Conclusion of Missouri Mormon War - 1838
Unconditional surrender by Mormons in the State of Missouri 1838
We copy the annexed perspicuous statement of the Mormon difficulties from the St. Louis Evening Gazette, being more full than any we have time to prepare. To the Gazette's statement we can only add, that the editor has faithfully embodied the substance of the reports now in circulation in the city. In several instances the statements conflict very much with each other.
Speculation is now busy in the inquiry, what shall be done with the Mormon leaders who have surrendered? What is their offence and to what punishment have they subjected themselves? That the individuals who have been guilty of burning the houses or destroying property, or taking life, are amenable to the law, there can be no doubt, but for these offences each man must answer for himself -- their leaders, unless shown to have participated, cannot be held responsible in law. It is confidently asserted that the expense of this war to the state, will not fall short of two or three hundred thousand dollars. This must be made from the pockets of the people. It is due to the people, that before the appropriation for this purpose be made, the Legislature should institute a thorough investigation into the cause and history of the whole difficulty, and expose the guilty, be they whomsoever they may, to the public execration. We know not, although we have watched the matter closely from its commencement up to its termination, who is the most to blame, or upon whom public condemnation should fall, and we presume the mass of our readers are not better informed. As the people must 'pay the piper,' it is due to them that they should know who got up and kept up the dance.
The Mormon war has been terminated, by a
surrender of the Mormon leaders to the troops under Gen. Atchinson. This
happened on Sunday, Oct. 28th. On that day, about three thousand men,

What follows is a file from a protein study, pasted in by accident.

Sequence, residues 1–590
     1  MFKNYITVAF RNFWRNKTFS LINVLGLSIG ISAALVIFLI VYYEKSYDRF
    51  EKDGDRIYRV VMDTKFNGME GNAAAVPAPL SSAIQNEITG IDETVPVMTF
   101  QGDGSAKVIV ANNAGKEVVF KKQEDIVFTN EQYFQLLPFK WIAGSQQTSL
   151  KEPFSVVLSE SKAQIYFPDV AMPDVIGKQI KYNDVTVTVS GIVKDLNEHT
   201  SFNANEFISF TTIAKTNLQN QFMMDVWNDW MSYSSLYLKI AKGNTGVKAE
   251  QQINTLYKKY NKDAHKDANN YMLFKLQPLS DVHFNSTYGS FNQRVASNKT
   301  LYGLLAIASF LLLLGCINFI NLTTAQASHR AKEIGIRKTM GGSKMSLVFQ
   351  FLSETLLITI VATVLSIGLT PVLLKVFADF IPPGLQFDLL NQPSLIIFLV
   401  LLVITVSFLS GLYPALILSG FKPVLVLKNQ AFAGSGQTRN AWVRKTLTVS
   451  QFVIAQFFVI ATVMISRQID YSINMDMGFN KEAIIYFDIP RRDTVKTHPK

being part of the army of 5000, ordered out under Gen. Clark, comprising Gen.
Atchinson's division made their appearance before the town of Far West, the
county seat of Caldwell county, where the Mormons were entrenched. Upon their
approach the Mormons had hoisted a white flag, which was shot down by Capt.
Bogard, but was immediately replaced. Gen. Atchison then sent in a message, with
a view to learn their wishes and intentions, when six of the leaders avowed
their willingness to surrender, in the expectation that the Mormons should be
unharmed. The surrender was accepted, and the individuals put under guard. Their
names are Joseph Smith, Sidney Rigdon, George Hinkle, Lyman Wight, Parley P.
Pratt, and Mr. Knight. The Mormons assembled, at Far West, comprised 700 men
under arms. Of this number, a small body of 150, retreated and pursued their way
to the northern frontier.
The reports vary as to what happened after the surrender. In fact, our intelligence does not come down clearly to a period, later than the day of the capitulation.
On the day after, Gen. Atchison received the orders of the Governor, which has already been mentioned in this paper, as directing the expulsion or extermination of the Mormons. It is said that, shocked and disgusted with the severity of the command, he retired and went home. After that event, it is stated that several -- some accounts say 40 of the Mormons -- were put to death. One version of the statement is, that the Mormons killed, at this time, were such as had not come into Far West. We need, however, more certain and authentic information, than we now have, on this head.